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Sidewinder is a series of combat flight games developed by Bit Town and produced by Asmik Ace Entertainement. It comprises the following games:

  • Sidewinder (PS1, 1996). Released as Bogey Dead 6 in North America and Raging Skies in Europe.
    • As the fighter ace Diver 11, you've been hired to stop various terrorists plots around the globe.
  • Sidewinder 2: Let's Dance in the Sky (PS1, 1997)
    • A group of rogue corporations have banded together to conquer the world. In response, the U.N has assembled an airforce.
  • Sidewinder MAX (PS2, 2000)
    • The developing country Eskara is caught in a bloody civil war. Mercenary pilots called "Fighting Birds" have been hired to put an end to the conflict.
  • Sidewinder F (PS2, 2001). Released in the west as Lethal Skies Elite Pilot: Team SW
    • The release of Siberia's methane reserves cause Global Warming to become irreversible, resulting in much of the world being flooded. Life on artificial "mega-floats" is now the norm, and the surviving nation have rallied the banner of the World Alliance and its military wing, the Frontier Nations (FN). Opposing this new world order is the weapon-dealing Republic of Gurtestein and disfranchised states, who have united as the World Order Reorganisation Front (WORF). As a crack pilot of the elite Team SW fighter team, you must stop the WORF and its mysterious "M-Plan".
  • Sidewinder V (PS2, 2003). Released in the west as Lethal Skies 2
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    • Three years after the end of the FN-WORF conflict, the Frontier Nations's Newfoundland base is attacked by an unknown group. The attack is soon revealed to be the work of the Alliance of Nations for Greater Independance and Liberty (ANGIL), a group of European countries disatisfied with the World Alliance's leadership and backed by surviving elements of the WORF. As Earth enters a new global conflict, a new Team SW is called into action.

The series started as a straight clone of Ace Combat, though one with somewhat more realistic leanings. The PlayStation 2 installment introduced more realistic elements, such as slightly more realistic physics, limited weapon loadouts, and simulated g-forces effects.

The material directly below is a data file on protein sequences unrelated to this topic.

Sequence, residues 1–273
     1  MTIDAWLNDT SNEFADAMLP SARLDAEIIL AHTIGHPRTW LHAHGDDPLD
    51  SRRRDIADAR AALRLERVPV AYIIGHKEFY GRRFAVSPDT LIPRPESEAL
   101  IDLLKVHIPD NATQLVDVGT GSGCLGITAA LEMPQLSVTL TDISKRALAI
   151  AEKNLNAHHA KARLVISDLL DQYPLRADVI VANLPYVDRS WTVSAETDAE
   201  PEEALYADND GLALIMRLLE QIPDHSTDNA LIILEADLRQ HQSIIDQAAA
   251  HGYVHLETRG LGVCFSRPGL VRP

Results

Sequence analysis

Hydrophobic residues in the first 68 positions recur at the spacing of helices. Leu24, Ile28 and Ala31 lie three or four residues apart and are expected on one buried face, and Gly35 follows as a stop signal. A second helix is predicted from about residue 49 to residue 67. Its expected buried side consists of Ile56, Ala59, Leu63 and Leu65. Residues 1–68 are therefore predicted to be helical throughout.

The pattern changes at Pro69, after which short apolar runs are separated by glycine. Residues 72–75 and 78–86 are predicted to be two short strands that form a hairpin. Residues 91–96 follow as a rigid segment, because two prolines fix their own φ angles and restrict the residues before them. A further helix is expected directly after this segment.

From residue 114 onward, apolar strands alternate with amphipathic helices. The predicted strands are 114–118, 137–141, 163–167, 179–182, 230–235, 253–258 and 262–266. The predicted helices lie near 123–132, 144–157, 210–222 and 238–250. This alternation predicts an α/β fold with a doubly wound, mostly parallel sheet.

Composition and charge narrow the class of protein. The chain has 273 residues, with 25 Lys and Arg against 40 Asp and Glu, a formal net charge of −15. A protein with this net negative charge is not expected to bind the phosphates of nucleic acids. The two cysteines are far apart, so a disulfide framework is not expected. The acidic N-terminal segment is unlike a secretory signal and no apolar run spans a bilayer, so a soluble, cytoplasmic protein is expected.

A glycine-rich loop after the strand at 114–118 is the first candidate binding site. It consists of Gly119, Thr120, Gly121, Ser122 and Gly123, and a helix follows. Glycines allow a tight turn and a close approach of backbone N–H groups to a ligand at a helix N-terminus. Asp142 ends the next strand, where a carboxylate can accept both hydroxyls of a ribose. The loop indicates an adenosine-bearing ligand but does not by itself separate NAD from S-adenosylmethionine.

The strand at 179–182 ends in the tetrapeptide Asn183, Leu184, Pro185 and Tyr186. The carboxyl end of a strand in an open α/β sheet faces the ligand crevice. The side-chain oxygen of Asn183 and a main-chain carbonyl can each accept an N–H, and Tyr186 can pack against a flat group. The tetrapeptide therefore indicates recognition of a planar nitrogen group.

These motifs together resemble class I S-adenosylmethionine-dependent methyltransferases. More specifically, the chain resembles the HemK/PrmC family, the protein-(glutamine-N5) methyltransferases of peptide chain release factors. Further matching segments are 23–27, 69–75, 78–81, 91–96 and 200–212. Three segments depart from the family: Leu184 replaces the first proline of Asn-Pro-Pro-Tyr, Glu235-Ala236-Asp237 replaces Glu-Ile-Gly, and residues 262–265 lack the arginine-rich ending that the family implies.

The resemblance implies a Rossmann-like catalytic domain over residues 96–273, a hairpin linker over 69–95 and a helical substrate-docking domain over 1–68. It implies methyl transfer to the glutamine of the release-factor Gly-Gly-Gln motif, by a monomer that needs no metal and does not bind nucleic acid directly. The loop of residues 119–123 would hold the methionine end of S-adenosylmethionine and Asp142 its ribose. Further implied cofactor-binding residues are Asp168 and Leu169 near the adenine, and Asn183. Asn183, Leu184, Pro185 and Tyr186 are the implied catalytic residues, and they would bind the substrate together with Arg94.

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This video game series provides examples of:

  • Ace Custom: Gyrfalcon 01 starts out using an F-22, which is indistinguishable from his wingmen aside from taking forever to shoot down. Once he gets serious, he switches to an X-29Z, a Lightning Bruiser plane that isn't flown by anyone else.
  • After the End: Due to massive climate change, the world in these games is left largely uninhabitable, with the population surviving on mega-floats. Various missions take place in the ruins of real-life locations, such as Paris and Mt. Fuji.
  • Airstrike Impossible: Lethal Skies features two canyon-run missions. Lethal Skies 2 features only one, but makes up for that by having you destroy an enemy fort from the inside.
  • American Kirby Is Hardcore: The cover of Lethal Skies Elite Pilot: Team SW uses the same artwork as Sidewinder F (pictured above) but tinted red, giving the cover a very different mood.
  • Boss Rush:
    • "Hopeless" starts with your base under attack from a walker. When you take it down, a quadrocopter brings in a second one, and both the mech and the quadrocopter need to be destroyed.
    • "New World", the final mission of Lethal Skies 2. It starts by pitting you against a Kill Sat, and after it's destroyed, another one comes in. Then, after disposing of that one, Gyrfalcon comes in for a final rematch.
  • City on the Water: The mega-floats in Lethal Skies.
  • Cool Plane: Plenty of awesome real-world planes appear in these games, but a few are unique to the series:
    • The F-25 Black Owl, a sleek-looking cross between an F-22 and a Su-35 and generally one of the best planes in the series, along with the similar X-16S Haggard.
    • Lethal Skies 2 has the S-47, a VTOL stealth fighter based on the Su-47. It also has the F-5Z and X-29Z, heavily souped-up versions of the F-5 and X-29.
  • Critical Existence Failure: Averted in the Lethal Skies games, which track damage to your fuselage, radar, engine, and wings separately. Taking radar damage makes it harder to lock on with radar-guided missiles, engine damage slows you down, and wing and fuselage damage affects your maneuverability. And, of course, taking too much fuselage damage destroys your plane.
  • Degraded Boss: Several M-Plan mechs return in the sequel, albeit watered down.
    • While the walker's original incarnation required you to take out several targets on top of it before taking out its core, the sequel lets you go for the core right away.
    • The flying fortress that attacks in "Intruder" is a scaled-down, less resilient version of the one fought in "Moby Dick".
  • Escort Mission:
    • You escort a tanker fleet in "Easter Parade" from Lethal Skies, while "New Beginning" from the same requires you to escort a transport plane.
    • The first part of "Gran Blue" in Lethal Skies 2 has you escorting a wing of B-2 bombers. From the same game, Road to Victory has you providing air cover for a tank column.
  • Evil Sounds Deep: Jake's voice becomes deeper between games, coinciding with his Face–Heel Turn.
  • Face–Heel Turn: Jake, a wingman in Lethal Skies, returns as the enemy ace Gyrfalcon 01 in Lethal Skies 2.
    B2 Pilot: How can you? You were an FN ace!
  • Fragile Speedster: The F-5Z in Lethal Skies 2. It's highly maneuverable and easily the fastest plane in the game, but also has the smallest supply of chaff and flares. As such, you'll have to dodge most incoming missiles the old-fashioned way.
  • Guide Dang It!: Some of the unlockables in the Lethal Skies installments have obscure, unhinted-at requirements: